US Health Worker Sacked And Arrested For Deliberately Spoiling 500 Doses Of Covid Vaccine
The pharmacist from Milwaukee was originally sacked by his employer, before being arrested for taking the doses out of refrigeration for two nights - meaning they were spoiled.
It comes after leaders in Wisconsin have been asking for more doses of the vaccine for senior citizens and healthcare workers.
The pharmacist worked for Advocate Aurora Health in Grafton, a town about 20 miles away from Milwaukee. Police arrested him on suspicion of reckless endangerment, adulterating a prescription drug and criminal damage to property.
In a press release, police said the suspect was in jail, but hasn't been charged yet. The man has not yet been identified and his motive remains unclear.
But detectives say the man knew the doses would be useless, and that anyone who was vaccinated with them would believe they were protected when they weren't.
Chief Medical Group Officer of Advocate Aurora Health Care, Jeff Bahr said on Thursday afternoon (31 December) that 57 vials of the Moderna vaccine were taken out of refrigeration on Christmas Eve. They were then put back in and taken out again overnight on 25 December into Saturday 26 December.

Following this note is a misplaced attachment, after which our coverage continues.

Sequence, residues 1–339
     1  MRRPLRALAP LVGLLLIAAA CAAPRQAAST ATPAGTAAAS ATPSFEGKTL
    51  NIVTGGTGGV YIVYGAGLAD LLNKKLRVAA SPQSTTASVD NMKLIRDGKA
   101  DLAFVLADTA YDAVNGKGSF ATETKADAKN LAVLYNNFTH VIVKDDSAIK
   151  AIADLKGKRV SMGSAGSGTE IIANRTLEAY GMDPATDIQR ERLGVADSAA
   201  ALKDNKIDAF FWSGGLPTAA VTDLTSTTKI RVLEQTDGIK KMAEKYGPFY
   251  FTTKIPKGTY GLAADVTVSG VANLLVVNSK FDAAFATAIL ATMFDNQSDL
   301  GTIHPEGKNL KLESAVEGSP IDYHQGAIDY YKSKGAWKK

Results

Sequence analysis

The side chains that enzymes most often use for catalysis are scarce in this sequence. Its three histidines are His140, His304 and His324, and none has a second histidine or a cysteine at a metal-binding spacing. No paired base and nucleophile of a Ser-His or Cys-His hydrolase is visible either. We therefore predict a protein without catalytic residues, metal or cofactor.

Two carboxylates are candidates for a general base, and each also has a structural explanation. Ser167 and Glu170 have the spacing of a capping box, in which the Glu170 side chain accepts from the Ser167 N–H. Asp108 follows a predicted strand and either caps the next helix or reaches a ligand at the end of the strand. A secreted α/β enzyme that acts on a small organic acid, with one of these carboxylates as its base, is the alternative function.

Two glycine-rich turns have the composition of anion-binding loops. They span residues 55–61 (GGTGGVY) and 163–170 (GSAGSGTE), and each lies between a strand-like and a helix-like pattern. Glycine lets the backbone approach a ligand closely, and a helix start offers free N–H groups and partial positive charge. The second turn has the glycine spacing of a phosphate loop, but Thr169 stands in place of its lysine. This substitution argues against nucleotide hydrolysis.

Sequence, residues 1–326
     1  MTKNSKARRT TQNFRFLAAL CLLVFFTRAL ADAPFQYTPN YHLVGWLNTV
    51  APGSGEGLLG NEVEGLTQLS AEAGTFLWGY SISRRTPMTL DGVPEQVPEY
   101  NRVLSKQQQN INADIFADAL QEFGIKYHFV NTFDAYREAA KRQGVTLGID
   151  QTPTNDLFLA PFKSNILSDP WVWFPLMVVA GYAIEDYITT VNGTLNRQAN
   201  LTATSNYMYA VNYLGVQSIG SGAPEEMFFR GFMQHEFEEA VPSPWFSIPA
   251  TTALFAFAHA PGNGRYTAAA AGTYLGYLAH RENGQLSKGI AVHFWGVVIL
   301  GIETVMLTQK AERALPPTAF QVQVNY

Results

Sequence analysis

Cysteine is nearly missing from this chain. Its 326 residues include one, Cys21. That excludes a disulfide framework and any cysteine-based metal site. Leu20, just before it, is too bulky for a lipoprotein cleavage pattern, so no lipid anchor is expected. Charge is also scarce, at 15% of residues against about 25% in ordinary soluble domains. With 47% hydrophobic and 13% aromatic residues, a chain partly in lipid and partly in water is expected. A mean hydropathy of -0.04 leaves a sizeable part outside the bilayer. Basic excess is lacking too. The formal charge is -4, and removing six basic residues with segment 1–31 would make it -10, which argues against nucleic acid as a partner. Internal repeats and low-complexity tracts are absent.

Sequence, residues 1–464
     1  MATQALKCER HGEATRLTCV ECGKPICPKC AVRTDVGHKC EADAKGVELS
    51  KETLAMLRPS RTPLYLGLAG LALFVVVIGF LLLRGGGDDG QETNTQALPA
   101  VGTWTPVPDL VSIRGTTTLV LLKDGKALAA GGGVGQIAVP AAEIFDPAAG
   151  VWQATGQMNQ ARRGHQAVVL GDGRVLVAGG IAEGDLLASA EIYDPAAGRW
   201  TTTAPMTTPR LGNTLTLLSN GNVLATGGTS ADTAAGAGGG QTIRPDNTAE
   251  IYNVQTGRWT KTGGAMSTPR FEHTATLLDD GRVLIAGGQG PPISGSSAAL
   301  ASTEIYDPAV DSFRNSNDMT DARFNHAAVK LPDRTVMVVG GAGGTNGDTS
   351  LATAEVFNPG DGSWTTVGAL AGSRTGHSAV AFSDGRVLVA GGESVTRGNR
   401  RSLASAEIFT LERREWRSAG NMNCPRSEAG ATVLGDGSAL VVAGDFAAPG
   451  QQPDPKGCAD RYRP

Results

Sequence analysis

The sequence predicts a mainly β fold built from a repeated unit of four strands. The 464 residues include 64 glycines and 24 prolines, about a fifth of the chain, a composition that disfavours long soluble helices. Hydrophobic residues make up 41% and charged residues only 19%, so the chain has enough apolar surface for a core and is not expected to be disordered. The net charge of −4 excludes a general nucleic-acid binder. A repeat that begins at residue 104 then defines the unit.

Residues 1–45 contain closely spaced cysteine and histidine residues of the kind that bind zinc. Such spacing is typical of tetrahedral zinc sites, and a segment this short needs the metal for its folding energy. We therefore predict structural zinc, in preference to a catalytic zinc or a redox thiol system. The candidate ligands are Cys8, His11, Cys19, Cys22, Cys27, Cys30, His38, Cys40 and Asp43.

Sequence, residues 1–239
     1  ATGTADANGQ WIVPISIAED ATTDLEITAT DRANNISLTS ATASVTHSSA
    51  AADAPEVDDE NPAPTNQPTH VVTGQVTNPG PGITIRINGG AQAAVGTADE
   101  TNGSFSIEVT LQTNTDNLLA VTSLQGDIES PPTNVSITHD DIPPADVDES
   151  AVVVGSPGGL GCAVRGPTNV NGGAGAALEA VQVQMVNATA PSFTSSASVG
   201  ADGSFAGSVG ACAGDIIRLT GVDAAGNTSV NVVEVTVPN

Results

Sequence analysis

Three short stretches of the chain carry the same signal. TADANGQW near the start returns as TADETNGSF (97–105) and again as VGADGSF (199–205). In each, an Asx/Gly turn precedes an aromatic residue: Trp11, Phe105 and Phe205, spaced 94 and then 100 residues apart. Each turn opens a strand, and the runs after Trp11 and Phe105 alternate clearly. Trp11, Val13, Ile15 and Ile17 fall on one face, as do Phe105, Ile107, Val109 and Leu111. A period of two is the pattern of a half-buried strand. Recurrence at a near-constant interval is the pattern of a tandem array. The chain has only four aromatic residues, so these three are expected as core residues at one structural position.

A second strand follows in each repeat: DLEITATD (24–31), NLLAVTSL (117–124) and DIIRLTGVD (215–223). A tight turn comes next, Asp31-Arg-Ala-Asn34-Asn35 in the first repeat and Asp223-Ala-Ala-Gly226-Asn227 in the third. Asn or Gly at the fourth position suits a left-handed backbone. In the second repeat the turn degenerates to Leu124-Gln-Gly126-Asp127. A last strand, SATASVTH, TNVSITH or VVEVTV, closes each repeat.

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It was enough to innoculate 570 people.
A total of 57 people were given their first dose of the now-ineffective Moderna vaccine on the morning of 26 December at Aurora Medical Center Grafton.
Bahr said there is 'no evidence' the vaccine would be harmful, and the hospital is consulting with Moderna on how to go ahead and vaccinate them properly.
In a virtual press conference, Bahr said: "The 57 have been notified.
"There is no evidence that the vaccines posed any harm to them other than being potentially less effective or ineffective.
"Moderna reassured us there are no safety concerns with administering a vaccine that has been out of the fridge too long. We will partner with them and the FDA to figure out a strategy on the future vaccination of the affected 57 individuals."
He added there's 'no evidence' that any other doses were tampered with, and said the incident was a case of a 'bad actor rather than a bad process.'
Featured Image Credit: PA
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